RE PULLIT not an industry term????
Sun Sep 9, 2007 19:59

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Sep 12, 2006 Mark as Spam
"pull it" is not an "industry term" for a controlled demolition. "Pull it" was referring to any emergency services or rescue effort, which were stopped to prevent further loss of life
Was the term "PULL IT" and industry term prior to 9/11 ?

Much has been made about the term "pullit"

For a refresher, Larry Silverstein said this...

I remember getting a call from the, er, fire department commander, telling me that they were not sure they were gonna be able to contain the fire, and I said, "We've had such terrible loss of life, maybe the smartest thing to do is pull it."
And they made that decision to pull and we watched the building collapse.

From Wikipedia...
Is "pull it" an industry term?

The closest thing I could find to a citation on this was a comment on a forum from someone in the industry responding specifically to that allegation:[5]

"I've had enough. The term "pull it" means pull it over. The term isn't used much today, because of the modern equipment used by demolition contractors. Fifty years ago wrecking contractors were less affluent, they depended more on ingenuity in the work place than on equipment. This was especially true when large buildings were taken down with hand labor. In those situations most interior and exterior walls had to be cabled and "pulled" in onto floors. Before you "pulled" the walls you would place old truck tires on the floor to cushion the shook and maintain the integrity of the floor your working on. In those days wrecking contractors would often attach cables to trucks or a dozer to collapse a section of a building or whole buildings. With advent of backhoes, skid loaders you don't have the need for cabling that you did in those days"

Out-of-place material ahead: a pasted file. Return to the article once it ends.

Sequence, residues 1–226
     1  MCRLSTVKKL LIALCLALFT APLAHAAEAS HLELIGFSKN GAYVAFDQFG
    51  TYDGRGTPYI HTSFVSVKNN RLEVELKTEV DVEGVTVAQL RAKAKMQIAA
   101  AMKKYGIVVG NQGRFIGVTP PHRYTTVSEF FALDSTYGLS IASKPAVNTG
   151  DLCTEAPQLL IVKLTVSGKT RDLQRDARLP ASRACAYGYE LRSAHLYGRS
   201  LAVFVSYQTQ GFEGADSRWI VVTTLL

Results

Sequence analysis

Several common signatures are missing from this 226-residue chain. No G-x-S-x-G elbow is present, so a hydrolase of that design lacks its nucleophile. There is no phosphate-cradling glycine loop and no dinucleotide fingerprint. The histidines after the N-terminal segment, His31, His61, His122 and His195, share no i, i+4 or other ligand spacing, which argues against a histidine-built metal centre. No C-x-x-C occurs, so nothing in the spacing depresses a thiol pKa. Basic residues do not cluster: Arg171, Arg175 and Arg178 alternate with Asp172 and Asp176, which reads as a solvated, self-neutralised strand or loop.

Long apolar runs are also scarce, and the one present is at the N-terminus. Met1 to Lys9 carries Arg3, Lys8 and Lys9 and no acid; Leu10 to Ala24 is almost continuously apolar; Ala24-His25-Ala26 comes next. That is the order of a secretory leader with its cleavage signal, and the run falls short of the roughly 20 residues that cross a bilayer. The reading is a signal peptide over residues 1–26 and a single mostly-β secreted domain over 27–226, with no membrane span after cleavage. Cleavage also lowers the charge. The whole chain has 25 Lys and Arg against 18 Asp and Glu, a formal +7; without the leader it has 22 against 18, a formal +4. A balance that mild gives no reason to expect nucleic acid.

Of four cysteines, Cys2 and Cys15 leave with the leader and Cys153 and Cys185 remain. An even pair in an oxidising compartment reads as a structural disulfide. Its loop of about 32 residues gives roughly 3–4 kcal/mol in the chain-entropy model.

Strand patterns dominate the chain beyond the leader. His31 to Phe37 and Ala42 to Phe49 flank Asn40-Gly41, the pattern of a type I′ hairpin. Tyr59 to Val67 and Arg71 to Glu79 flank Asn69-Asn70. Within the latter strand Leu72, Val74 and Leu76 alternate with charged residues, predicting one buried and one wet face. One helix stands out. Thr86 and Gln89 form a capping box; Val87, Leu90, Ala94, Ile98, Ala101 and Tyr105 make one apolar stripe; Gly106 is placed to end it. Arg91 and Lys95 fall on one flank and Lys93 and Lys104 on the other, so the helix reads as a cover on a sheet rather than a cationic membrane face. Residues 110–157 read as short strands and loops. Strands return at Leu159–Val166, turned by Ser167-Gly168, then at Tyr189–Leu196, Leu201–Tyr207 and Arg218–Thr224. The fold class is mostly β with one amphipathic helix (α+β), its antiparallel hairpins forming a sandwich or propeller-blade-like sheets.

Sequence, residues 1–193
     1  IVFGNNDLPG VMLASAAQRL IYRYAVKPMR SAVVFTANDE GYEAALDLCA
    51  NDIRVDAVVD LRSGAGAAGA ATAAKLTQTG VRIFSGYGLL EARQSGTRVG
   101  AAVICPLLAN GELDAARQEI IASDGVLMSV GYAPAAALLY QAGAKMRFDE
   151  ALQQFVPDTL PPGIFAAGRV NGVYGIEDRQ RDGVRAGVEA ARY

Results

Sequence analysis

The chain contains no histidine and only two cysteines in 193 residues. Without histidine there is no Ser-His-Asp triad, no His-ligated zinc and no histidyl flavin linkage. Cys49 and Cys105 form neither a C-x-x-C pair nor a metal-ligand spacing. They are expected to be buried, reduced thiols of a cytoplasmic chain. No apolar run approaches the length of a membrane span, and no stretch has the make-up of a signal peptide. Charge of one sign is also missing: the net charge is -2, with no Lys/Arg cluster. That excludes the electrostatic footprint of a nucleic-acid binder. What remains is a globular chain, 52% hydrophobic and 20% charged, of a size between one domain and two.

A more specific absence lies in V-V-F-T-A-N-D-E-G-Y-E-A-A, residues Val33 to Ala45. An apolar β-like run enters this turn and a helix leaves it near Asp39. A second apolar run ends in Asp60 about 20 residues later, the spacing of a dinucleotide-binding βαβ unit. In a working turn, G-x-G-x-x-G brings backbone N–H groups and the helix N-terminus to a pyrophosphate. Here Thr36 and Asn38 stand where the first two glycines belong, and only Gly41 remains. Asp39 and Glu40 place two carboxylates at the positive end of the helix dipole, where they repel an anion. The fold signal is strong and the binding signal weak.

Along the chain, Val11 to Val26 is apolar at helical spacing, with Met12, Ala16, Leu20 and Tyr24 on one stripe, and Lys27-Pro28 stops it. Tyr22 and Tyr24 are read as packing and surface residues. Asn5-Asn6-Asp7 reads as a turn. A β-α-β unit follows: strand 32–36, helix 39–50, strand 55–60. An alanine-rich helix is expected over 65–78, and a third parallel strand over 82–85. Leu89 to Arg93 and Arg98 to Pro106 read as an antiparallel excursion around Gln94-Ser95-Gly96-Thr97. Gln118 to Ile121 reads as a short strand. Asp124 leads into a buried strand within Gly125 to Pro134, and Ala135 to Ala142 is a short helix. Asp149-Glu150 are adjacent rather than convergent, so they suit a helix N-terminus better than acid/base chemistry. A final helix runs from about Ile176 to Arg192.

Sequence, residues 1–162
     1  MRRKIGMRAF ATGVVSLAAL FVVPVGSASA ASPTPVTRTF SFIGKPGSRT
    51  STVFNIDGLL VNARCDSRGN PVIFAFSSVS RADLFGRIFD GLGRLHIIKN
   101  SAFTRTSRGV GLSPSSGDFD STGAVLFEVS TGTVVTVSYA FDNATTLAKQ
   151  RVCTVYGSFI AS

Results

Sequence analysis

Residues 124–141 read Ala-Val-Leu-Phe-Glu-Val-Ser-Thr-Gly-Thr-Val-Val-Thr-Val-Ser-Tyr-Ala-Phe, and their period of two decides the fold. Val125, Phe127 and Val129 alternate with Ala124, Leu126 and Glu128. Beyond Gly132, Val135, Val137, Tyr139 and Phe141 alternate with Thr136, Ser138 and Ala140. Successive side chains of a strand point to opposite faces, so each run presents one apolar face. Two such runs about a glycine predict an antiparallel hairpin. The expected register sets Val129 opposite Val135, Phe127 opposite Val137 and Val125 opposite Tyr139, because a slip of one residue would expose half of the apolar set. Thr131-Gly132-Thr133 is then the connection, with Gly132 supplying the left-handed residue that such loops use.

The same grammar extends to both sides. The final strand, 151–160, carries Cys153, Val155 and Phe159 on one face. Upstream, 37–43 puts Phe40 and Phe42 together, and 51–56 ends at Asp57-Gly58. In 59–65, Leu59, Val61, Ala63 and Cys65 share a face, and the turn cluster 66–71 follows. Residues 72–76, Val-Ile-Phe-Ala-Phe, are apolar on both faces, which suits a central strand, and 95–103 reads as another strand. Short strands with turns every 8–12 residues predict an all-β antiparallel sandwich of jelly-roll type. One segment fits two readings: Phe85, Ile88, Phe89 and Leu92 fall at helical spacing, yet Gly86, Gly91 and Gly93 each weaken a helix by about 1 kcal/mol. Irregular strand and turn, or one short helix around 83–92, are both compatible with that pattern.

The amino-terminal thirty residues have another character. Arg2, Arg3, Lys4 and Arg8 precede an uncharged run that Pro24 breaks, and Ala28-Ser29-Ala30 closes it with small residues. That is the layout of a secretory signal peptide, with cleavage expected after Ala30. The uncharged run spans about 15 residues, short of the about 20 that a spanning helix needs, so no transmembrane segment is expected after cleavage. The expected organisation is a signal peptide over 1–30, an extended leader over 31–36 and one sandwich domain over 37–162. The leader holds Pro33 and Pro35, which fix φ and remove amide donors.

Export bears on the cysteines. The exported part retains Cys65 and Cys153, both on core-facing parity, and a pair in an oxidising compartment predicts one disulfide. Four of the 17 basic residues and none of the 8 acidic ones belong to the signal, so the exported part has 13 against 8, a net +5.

Sounds pretty damn reasonable to me.
As a matter of fact it sounds VERY obvious.
To me, it seems obvious anyone who doesnt understand "pullit" was mean as a demolition term,
especially, in the context Silverstein used it, is probably a disinfo agent.

lets see what the authority on WTC7 says....

Web research supports the theory that Silverstein's remark was part of a calculated distraction. The pull-it remark is copied by hundreds of websites, many citing the remark from the Ground Zero worker about Building 6 as proof that to 'pull' means to demolish. However, searching sites specific to the demolition trade does not support this meaning of 'pull'.The following Google searches of the two best known controlled demolition sites in October of 2003 did not return any results indicating that pulling and demolition are synonymous.